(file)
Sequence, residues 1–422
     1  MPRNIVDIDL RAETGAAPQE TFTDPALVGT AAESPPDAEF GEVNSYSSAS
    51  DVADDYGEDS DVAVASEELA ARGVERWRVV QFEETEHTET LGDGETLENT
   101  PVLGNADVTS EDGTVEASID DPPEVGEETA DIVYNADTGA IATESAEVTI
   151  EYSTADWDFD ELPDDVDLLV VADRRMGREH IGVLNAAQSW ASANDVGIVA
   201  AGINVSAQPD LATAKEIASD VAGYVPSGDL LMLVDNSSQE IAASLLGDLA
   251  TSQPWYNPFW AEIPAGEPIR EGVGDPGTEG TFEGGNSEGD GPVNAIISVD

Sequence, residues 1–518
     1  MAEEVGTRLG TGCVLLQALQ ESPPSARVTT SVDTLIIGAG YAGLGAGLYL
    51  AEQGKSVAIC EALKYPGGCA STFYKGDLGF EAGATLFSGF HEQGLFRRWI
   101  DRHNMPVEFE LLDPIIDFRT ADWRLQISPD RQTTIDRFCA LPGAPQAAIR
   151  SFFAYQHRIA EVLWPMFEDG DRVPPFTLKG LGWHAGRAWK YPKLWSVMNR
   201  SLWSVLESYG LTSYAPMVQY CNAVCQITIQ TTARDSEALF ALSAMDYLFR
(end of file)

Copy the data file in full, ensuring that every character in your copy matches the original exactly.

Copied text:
Sequence, residues 1–422
     1  MPRNIVDIDL RAETGAAPQE TFTDPALVGT AAESPPDAEF GEVNSYSSAS
    51  DVADDYGEDS DVAVASEELA ARGVERWRVV QFEETEHTET LGDGETLENT
   101  PVLGNADVTS EDGTVEASID DPPEVGEETA DIVYNADTGA IATESAEVTI
   151  EYSTADWDFD ELPDDVDLLV VADRRMGREH IGVLNAAQSW ASANDVGIVA
   201  AGINVSAQPD LATAKEIASD VAGYVPSGDL LMLVDNSSQE IAASLLGDLA
   251  TSQPWYNPFW AEIPAGEPIR EGVGDPGTEG TFEGGNSEGD GPVNAIISVD

Sequence, residues 1–518
     1  MAEEVGTRLG TGCVLLQALQ ESPPSARVTT SVDTLIIGAG YAGLGAGLYL
    51  AEQGKSVAIC EALKYPGGCA STFYKGDLGF EAGATLFSGF HEQGLFRRWI
   101  DRHNMPVEFE LLDPIIDFRT ADWRLQISPD RQTTIDRFCA LPGAPQAAIR
   151  SFFAYQHRIA EVLWPMFEDG DRVPPFTLKG LGWHAGRAWK YPKLWSVMNR
   201  SLWSVLESYG LTSYAPMVQY CNAVCQITIQ TTARDSEALF ALSAMDYLFR